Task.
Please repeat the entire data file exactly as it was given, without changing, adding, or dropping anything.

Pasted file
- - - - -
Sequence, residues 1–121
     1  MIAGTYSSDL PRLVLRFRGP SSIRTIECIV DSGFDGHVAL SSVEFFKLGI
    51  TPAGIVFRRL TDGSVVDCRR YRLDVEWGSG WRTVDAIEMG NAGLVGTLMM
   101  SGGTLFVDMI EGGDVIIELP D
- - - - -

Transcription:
Sequence, residues 1–121
     1  MIAGTYSSDL PRLVLRFRGP SSIRTIECIV DSGFDGHVAL SSVEFFKLGI
    51  TPAGIVFRRL TDGSVVDCRR YRLDVEWGSG WRTVDAIEMG NAGLVGTLMM
   101  SGGTLFVDMI EGGDVIIELP D